Counting the microns

biker with mask

Now considered the world’s leading environmental risk factor, the striking fact about PM2.5 is how little of the world’s populace manages to escape seemingly dangerous exposure. A couple of recent studies attempt to document the changing profile of this pollutant, and its prevalence in different regions of the world.

One eye-catching finding unveiled in March by a Monash University study puts the number free from dangerous exposure at only 0.001% of the global population.1

Only seven countries and three territories last year met World Health Organization pollution guidelines for fine particulate matter, according to the latest report by Swiss company IQ Air, published in March.2

WHO guidelines currently state that annual average concentrations of PM2.5 should not exceed 5 µg/m3, while 24-hour average exposures should not exceed 15 µg/m3 more than 3 – 4 days per year.

In the US – pegged by IQ Air’s report as falling short of meeting WHO guidelines – perception of the danger appears to be heightening, and in February the EPA lowered the acceptable annual amount of PM 2.5 from 12 to 9 µg/m3, seemingly to reflect new findings.

The EPA presents a sliding scale of lethality for PM2.5 exposure, for which the upper limit is 500 µg/m3 – which adds perspective to New Delhi’s lung-rupturing 900 µg/m3 levels recorded in late 2019.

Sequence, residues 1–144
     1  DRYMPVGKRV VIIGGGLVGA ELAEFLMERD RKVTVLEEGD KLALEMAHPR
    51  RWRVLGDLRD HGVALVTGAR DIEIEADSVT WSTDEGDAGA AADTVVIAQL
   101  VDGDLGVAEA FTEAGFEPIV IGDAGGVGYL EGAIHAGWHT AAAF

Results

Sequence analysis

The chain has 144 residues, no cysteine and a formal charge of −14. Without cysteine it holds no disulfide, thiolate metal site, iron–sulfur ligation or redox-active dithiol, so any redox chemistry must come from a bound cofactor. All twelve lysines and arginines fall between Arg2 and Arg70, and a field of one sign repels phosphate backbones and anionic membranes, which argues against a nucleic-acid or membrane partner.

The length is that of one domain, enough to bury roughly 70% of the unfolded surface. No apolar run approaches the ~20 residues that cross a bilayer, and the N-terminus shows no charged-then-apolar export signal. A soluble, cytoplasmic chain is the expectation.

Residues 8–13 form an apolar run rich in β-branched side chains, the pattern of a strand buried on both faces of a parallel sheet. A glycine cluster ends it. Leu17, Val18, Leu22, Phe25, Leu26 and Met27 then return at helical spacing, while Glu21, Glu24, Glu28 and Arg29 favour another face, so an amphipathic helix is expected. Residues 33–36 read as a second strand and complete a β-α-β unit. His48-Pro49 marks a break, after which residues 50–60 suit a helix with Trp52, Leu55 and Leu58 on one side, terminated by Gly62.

Some research indicates that even a modest increase of 10 µg/m3 of PM 2.5 in the surrounding air is associated with a 10 percent increase in a person’s likelihood of dying from heart disease.

Reacting to IQAir’s latest report, Greenpeace International senior air quality scientist Aidan Farrow said that “In 2023 air pollution remained a global health catastrophe.”

The report is said to be based upon a worldwide monitoring network of more than 30,000 stations.
Overall, the trend in European cities is towards lower PM2.5 levels in 2023. PM2.5 levels fell for 36 countries, increased for six, and remained constant for one.

The report also said 7% of cities in Europe met the WHO PM2.5 guideline, with the UK having the highest number, followed by Finland and Sweden. And more European cities fell within the green range (1 to 2 times the WHO annual PM2.5 guideline) in 2023 compared to 2022.

Iceland, Estonia, and Finland are the only countries meeting the WHO annual PM2.5 guideline in IQ AIr’s analysis. Iceland remains the least polluted country with an average concentration of 4 µg/m3, although it experienced a slight increase in PM2.5 levels in 2023.

Bosnia Herzegovina saw an 18% decrease in PM2.5 levels but remains the most polluted country in Europe, with an annual average concentration of 27.5 µg/m3.

Croatia made significant progress, lowering PM2.5 levels by more than 40%.

Montenegro experienced the greatest absolute increase in PM2.5 concentrations.

One obvious conclusion is that much more work remains to be done to combat air pollution. And data gathering is key to this effort.